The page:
As James was a spy and not a soldier, the Act did not apply to him, so he remained with Armistead. In 1784, likely during his visit to the states, pro-abolitionist Lafayette discovered that James was still enslaved. (see Hero Of Two Worlds: The French Years) Therefore, Lafayette penned a respectful testimonial, praising James’ actions during the war deserving his freedom.
Along with this recommendation and his owner’s blessing, who was now a member of the House Of Delegates, James petitioned the Virginia Assembly in 1786 for his freedom. The Assembly emancipated James on January 9, 1787. Out of gratitude and respect for his former commander and dear friend, James changed his name to James Armistead Lafayette.
A free man, James married and raised a large family on 40 acres he bought nine miles south of New Kent, near Richmond, Virginia. In 1818, he applied for financial aid and was granted a one-time payment of $60. The Virginia legislature also rewarded James with a $40 annual pension for his services during the American Revolution. Over time, James became a very successful farmer.
The Marquis de Lafayette visited America again at the invitation of President James Monroe and Congress in 1824. (see Hero Of Two Worlds: The French Years) During one of the many processions organized to honor the General, Lafayette surveyed the crowd. To his pleasure and surprise, he recognized the face of his beloved friend among the spectators. Immediately stopping the procession, Lafayette quickly rushed to James where they shared a heartfelt embrace.
James Armistead Lafayette died on August 9, 1830, a War hero and a free man.
Liberty, history books have all but erased James from their pages. Stories of Negros, especially slaves, supporting the American Revolution and the United States destroys the narrative of complete oppression. (see The Forgotten Black Founding Father and Hoosier Daddy) Likewise, examples of emancipation and abolition are also suppressed and ignored so as to further the argument that all white Americans were racist. (see The Color-Blindness Of Slavery and Inalienable Rights).
It is sad that heroes and Patriots such as James Armistead Lafayette are ignored and hidden just to further an agenda. Therefore, Liberty, today’s Patriots must work even harder to find those stories and spread them far and wide. It is time to stop dividing ourselves and find ways to unite, such as celebrating Patriots like James, regardless of race, creed, color, or religion.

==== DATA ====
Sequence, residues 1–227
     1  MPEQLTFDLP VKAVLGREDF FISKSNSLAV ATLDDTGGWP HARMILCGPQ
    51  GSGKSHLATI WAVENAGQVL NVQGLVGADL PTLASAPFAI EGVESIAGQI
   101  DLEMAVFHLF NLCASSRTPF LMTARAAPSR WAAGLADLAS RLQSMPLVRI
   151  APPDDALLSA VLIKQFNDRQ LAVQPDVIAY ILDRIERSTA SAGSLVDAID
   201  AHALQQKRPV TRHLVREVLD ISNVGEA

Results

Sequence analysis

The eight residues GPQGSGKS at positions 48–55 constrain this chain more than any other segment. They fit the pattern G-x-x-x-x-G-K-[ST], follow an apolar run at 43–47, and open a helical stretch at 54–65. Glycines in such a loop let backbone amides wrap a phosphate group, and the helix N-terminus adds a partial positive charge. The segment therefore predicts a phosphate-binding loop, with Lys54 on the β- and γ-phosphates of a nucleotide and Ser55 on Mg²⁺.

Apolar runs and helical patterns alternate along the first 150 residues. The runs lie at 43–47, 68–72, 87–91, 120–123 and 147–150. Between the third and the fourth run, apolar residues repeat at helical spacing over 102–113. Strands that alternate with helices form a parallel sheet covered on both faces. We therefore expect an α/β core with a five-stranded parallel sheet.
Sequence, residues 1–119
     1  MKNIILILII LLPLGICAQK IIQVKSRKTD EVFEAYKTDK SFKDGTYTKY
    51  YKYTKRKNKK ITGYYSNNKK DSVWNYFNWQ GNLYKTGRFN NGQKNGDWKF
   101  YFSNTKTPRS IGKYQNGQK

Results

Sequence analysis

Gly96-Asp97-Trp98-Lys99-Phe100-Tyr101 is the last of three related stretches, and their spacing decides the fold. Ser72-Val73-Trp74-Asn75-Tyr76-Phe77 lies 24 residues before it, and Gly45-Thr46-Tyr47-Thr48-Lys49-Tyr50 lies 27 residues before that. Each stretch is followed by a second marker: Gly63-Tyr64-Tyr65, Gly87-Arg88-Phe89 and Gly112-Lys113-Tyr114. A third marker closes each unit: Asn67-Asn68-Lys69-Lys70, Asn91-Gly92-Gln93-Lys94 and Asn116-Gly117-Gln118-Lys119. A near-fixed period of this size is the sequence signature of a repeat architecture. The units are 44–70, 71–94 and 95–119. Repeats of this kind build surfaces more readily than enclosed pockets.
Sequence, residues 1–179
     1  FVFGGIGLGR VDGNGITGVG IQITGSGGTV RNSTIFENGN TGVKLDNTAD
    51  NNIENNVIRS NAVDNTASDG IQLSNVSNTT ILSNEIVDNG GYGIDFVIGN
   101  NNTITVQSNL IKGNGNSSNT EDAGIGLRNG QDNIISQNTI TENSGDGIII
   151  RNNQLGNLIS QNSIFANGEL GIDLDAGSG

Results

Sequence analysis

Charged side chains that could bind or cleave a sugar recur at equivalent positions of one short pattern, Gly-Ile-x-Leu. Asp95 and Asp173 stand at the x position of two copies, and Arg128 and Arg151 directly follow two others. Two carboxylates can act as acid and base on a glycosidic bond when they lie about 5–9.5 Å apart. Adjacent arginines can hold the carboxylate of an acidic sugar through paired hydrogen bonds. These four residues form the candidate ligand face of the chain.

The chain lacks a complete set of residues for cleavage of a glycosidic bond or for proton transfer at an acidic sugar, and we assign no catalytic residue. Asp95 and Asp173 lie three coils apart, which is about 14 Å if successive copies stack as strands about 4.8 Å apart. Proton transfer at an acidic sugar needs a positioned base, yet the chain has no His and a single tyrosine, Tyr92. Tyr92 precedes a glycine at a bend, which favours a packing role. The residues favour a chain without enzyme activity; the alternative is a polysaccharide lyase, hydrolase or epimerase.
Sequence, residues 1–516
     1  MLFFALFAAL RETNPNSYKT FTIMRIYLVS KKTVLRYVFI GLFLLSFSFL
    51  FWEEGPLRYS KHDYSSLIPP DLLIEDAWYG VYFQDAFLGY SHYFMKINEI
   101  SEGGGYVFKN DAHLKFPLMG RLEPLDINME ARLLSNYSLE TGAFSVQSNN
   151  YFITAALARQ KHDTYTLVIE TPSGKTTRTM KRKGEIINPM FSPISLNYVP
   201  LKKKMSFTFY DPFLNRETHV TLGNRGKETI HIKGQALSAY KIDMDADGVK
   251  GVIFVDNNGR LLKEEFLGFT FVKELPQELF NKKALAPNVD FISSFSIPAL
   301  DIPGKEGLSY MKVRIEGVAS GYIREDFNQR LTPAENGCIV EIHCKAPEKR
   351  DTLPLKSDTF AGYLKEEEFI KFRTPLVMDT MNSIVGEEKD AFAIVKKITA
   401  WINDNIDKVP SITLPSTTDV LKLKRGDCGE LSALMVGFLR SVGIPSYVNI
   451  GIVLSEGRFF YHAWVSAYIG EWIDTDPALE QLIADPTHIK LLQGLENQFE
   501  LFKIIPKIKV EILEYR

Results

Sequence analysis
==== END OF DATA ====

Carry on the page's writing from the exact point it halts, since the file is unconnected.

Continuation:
That’s my 2 cents.
After meeting James, Lafayette realized how important the literate slave could be to the Patriot’s fight. The British made it known that any slave who fought for their cause would win their freedom. Ironically, it was the crown who enslaved them in the first place and it, including King George III, rejected every effort the colonists made for abolition. (see The Forgotten Midnight Ride) Now the British were willing to grant freedom to a few Negros in efforts to continue to enslave all the colonists. Therefore, Lafayette designed a story that James was a runaway slave wanting to fight for the Red Coats while his real mission would be to spy on their movements, supplies and plans.
August 9, 2018
James scurried through the trees on trails he knew blindfolded. He spotted the camp and darted around to the commander’s tent. James could hear voices inside and strained to understand the words. One voice was unmistakable as his French accent highlighted his perfected English. James glided around to the entrance unnoticed before slipping inside. It was the moment that changed the war.
Born in Virginia, James was the slave of William Armistead. As such records for slaves were not well kept, if even recorded at all, his actual birthdate is unknown. It is believed to be around December 10, 1748, in New Kent, Virginia, or December 10, 1760, Elizabeth City. Regardless, after the Marquis de Lafayette retuned to the states and the Revolutionary War in 1780, James requested permission from William to join the Continental Army under Lafayette, which William granted. James had heard the stories of heroism of Lafayette, who was now stationed in Virginia, and wanted to serve under him. (see Hero Of Two Worlds: The American Years) As was common, James enlisted as James Armistead, taking his owner’s last name.
THE FORGOTTEN HERO